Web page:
Friday, June 09, 2006

THE DEATH OF MILLY MAHONEY by Susanne Severeid (iUniverse)

My backlog of submissions is getting a bit overwhelming. And this book has been in my queue for months. It wasn't until I perused my email a bit that I realized THE DEATH OF MILLY MAHONEY had been recommended to me by no less than four different people.

So I read it. And I loved it.

Susanne Severeid has churned out a tasty little mystery, with all the Grafton-esque hooks that keep the pages turning. MILLY tells the story of Trix Donovan, former model and current tabloid journalist, and how her life is turned upside-down when a long lost friend leaves an unusual--and clipped--message on her answering machine. When her friend turns up dead (Milly, in case you haven't guessed by now), Trix throws her journalistic instincts into overdrive and follows the only path to getting to the bottom of the case--which takes her around some surprising curves, especially when she finds herself inexorably tied to what happened. (Geez, it's hard to review mysteries; I can't keep the spoilers from coming to my fingertips.)

The novel dumps you into the deep end of Southern California's pool of sleaze (Severeid was once an actress herself, for all you CHiPs fans) and doesn't toss you a life preserver. While the book is clever and funny, it's fairly gritty, too, and keeps the punches--and surprises--coming, right from the first few pages.

For more background info on the book, check out this interview with Susanne.

Grab a copy for $16.95 from Amazon. It's a snappy, fun beach read. Just load on the sunblock; once you start reading you'll lose track of time.

Thursday, June 08, 2006

Updates on some 2005ers

The 2005 authors. Where are they now? Just like me, they're sitting in front of their laptop, nervously refreshing their browser, praying their Amazon rank will jump a few more points.

Okay, that's just me.

But here's some info on a few past POD-dy Picks:

Todd Noker's RATED F has been kicked up a notch at iUniverse, having been re-released via their Star program. Sound like no big deal? Turns out it is. Todd stayed in contact during the entire process and it sounded a lot like a traditional deal. He was flown out of state for a photo shoot, heavily promoted at BEA, and the book was really edited (no, really--it was.) The book sports a new and improved, Hiaasen-esque cover and the price was dropped to a competitive $12.95 (and only $9.97 with Amazon's 23% discount.) Had he received an advance, this would be no different than any other book deal (and possibly better.)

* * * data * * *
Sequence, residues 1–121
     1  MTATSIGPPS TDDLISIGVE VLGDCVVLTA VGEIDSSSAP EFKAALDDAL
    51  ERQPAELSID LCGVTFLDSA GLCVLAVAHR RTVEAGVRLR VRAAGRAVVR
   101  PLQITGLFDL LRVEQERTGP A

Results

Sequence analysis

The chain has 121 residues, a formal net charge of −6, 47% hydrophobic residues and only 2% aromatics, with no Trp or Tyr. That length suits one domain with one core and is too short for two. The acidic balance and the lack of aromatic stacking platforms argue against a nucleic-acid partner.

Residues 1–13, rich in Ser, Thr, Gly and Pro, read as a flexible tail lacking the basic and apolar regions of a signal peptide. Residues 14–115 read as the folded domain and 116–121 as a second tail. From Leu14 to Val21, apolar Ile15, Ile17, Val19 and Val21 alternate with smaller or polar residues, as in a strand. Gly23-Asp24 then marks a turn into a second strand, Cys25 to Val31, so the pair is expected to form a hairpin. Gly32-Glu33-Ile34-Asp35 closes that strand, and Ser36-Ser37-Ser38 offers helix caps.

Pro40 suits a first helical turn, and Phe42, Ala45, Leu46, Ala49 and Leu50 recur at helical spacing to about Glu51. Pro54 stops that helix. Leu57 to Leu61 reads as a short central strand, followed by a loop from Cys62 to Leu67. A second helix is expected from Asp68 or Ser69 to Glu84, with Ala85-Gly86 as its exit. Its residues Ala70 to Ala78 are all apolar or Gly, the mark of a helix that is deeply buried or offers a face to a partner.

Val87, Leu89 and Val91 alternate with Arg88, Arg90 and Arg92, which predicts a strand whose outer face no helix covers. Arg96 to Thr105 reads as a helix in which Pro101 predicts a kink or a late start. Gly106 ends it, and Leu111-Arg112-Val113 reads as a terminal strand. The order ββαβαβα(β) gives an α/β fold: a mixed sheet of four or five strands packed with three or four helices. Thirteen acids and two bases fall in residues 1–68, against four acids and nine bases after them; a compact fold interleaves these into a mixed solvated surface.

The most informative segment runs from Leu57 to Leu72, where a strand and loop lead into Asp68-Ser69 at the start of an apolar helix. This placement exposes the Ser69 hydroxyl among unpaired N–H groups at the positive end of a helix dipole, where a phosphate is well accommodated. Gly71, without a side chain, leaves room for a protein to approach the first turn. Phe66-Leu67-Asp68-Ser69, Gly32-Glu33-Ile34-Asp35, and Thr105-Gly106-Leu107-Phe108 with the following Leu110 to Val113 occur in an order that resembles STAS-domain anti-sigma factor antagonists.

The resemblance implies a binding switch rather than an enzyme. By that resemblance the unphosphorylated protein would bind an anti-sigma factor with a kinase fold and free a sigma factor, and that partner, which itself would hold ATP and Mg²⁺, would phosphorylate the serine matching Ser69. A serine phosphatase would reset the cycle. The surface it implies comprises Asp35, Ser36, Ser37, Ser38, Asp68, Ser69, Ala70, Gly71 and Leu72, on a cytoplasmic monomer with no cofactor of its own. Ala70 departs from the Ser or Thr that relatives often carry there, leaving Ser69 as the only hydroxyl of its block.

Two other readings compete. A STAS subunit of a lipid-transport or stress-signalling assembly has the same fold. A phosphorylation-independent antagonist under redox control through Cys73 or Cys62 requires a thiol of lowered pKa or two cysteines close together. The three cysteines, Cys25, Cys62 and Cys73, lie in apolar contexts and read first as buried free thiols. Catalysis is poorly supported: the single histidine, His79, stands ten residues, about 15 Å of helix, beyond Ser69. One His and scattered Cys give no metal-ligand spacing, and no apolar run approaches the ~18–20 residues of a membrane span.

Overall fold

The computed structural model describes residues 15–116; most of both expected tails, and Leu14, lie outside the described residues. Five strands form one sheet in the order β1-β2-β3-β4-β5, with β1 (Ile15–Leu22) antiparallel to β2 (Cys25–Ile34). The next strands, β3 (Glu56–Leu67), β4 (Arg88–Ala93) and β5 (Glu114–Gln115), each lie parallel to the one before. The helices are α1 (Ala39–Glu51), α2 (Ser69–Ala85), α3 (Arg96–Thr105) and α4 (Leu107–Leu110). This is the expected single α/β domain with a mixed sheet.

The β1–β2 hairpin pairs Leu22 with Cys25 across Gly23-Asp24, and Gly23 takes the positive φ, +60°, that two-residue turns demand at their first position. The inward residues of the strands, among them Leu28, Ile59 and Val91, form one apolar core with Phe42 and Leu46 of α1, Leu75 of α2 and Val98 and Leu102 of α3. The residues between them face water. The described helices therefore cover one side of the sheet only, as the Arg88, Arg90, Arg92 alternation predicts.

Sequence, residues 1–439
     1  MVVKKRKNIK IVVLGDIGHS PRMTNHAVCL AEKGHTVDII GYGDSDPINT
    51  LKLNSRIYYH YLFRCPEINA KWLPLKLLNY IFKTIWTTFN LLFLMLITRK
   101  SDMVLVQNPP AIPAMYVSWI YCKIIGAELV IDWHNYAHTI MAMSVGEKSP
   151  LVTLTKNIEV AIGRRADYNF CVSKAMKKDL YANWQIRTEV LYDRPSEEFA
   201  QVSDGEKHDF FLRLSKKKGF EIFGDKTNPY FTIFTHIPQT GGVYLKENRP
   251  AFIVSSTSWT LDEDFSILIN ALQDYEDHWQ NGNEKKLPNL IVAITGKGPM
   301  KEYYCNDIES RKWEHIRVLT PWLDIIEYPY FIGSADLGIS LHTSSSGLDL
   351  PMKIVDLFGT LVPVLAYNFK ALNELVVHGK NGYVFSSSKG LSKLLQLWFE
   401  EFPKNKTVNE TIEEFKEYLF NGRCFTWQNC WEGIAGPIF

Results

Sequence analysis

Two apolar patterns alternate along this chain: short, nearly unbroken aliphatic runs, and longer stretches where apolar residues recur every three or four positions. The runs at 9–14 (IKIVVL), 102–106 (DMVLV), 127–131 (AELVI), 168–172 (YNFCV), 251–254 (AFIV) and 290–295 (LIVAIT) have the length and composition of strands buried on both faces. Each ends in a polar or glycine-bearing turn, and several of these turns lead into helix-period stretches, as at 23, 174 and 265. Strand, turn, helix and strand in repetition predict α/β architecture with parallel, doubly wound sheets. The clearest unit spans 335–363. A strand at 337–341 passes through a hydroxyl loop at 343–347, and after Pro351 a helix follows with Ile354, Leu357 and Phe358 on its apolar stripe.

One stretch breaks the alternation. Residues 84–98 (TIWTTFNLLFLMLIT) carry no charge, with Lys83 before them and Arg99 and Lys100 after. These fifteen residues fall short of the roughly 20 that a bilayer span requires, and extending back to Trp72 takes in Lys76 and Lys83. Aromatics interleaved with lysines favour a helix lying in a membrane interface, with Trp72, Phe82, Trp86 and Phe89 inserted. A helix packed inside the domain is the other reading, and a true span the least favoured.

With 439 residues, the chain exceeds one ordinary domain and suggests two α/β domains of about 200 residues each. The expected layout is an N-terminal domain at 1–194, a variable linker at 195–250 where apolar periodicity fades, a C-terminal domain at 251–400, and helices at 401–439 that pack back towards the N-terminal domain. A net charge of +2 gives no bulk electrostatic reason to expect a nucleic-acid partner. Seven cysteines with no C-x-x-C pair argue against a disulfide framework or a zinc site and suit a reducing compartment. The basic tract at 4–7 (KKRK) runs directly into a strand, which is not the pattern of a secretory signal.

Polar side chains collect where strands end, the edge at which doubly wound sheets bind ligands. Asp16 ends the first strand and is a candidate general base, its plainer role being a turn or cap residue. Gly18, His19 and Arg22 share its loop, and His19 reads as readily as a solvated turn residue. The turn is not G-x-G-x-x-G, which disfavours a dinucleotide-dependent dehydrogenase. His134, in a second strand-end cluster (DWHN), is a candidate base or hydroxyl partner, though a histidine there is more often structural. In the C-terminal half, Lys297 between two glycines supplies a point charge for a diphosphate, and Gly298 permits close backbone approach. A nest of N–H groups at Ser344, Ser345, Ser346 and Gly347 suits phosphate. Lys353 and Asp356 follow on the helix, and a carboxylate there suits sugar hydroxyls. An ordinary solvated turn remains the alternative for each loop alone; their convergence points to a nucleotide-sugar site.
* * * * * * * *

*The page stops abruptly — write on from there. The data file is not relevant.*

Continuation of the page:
If you haven't bought it already, do it. I mean, what's ten bucks? A caramel macchiato and a couple muffins, three gallons of gas, 2/3 of a buzz from the Hair Cuttery. Let your hair grow and read a good book, dude.

Elsewhere, Carol Hoenig's gorgeous WITHOUT GRACE won the Silver Book of the Year Award from ForeWord Magazine this year. So, if don't take my opinion seriously, you should definitely take ForeWord's. And here is yet another excellent book for under $10 at Amazon. Save yourself the calories from the macchiato and the muffins and get fat from some beautiful writing.

As more news comes in, I will pass along. Over half of the Needle winners and finalists from 2005 are now repped by agents and on submission in New York. I'll keep you posted.

Tuesday, June 06, 2006

A POD venture that worked . . .

This guy is/will earn some serious dough. All you have to do is write scripts for national television. *Sigh*

On pitching (and catching)

I'm pretty flexible when it comes to reading a POD (or any book for that matter). I'm willing to give stuff a shot (if it falls into one of the categories in the list on the right) if it sounds even vaguely compelling. But I am starting to see why some of these authors have had to go POD (besides the obvious horrific writing in most cases).

It is my advice, if you have interest in going the route of a commercial publisher instead of/before POD, that you spends weeks (yes, weeks) generating a compelling query for agents and/or editors.

I've had several folks (three, as a matter of fact) mention that their writing was similar to Don DeLillo (among others). While it is great that these folks (wish that they) write like Don DeLillo, I'm not sure it is something I would mention in a pitch. To me? Fine. But not to New York. If you can compare your writing to someone more contemporary--and better selling, like, say, Jonathan Safran Foer--than go that route. But to compare yourself to an author who has lost the sales impetus like DeLillo is probably not a good idea--because it suggests your book will fall to the same fate.

Don't get me wrong: DeLillo is a master and I love all of his books (except COSMOPOLIS) and I fully realize why the guy has won awards. But he will not help sell your book. The same goes for guys like Jay MacInerney and Bret Easton Ellis.

If you are blessed enough that your writing really does resemble one of these folks, I wouldn't mention it. New York is more likely to be interested in "new" and "out of the box" writing--or, sadly, derivative writing of current bestselling authors. So, you should probably go one of those routes.

In the meantime, keep the pitches coming. Eventually, one is going to get knocked out of the park.